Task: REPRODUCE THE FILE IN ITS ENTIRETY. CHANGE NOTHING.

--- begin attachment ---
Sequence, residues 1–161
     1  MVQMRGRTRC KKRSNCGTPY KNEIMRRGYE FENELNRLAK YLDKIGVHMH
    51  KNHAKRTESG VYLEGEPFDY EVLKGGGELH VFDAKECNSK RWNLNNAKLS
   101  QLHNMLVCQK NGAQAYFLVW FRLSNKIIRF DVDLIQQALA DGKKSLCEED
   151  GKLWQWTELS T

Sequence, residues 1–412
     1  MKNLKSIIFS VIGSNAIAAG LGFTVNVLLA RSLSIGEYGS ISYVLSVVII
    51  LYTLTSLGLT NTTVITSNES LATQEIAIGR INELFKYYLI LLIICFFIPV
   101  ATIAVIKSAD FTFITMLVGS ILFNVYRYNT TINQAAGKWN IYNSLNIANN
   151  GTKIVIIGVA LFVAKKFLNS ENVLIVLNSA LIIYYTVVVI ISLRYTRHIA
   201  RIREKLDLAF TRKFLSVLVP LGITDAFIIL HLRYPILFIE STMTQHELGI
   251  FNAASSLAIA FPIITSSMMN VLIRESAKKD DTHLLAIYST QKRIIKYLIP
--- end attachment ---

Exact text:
Sequence, residues 1–161
     1  MVQMRGRTRC KKRSNCGTPY KNEIMRRGYE FENELNRLAK YLDKIGVHMH
    51  KNHAKRTESG VYLEGEPFDY EVLKGGGELH VFDAKECNSK RWNLNNAKLS
   101  QLHNMLVCQK NGAQAYFLVW FRLSNKIIRF DVDLIQQALA DGKKSLCEED
   151  GKLWQWTELS T

Sequence, residues 1–412
     1  MKNLKSIIFS VIGSNAIAAG LGFTVNVLLA RSLSIGEYGS ISYVLSVVII
    51  LYTLTSLGLT NTTVITSNES LATQEIAIGR INELFKYYLI LLIICFFIPV
   101  ATIAVIKSAD FTFITMLVGS ILFNVYRYNT TINQAAGKWN IYNSLNIANN
   151  GTKIVIIGVA LFVAKKFLNS ENVLIVLNSA LIIYYTVVVI ISLRYTRHIA
   201  RIREKLDLAF TRKFLSVLVP LGITDAFIIL HLRYPILFIE STMTQHELGI
   251  FNAASSLAIA FPIITSSMMN VLIRESAKKD DTHLLAIYST QKRIIKYLIP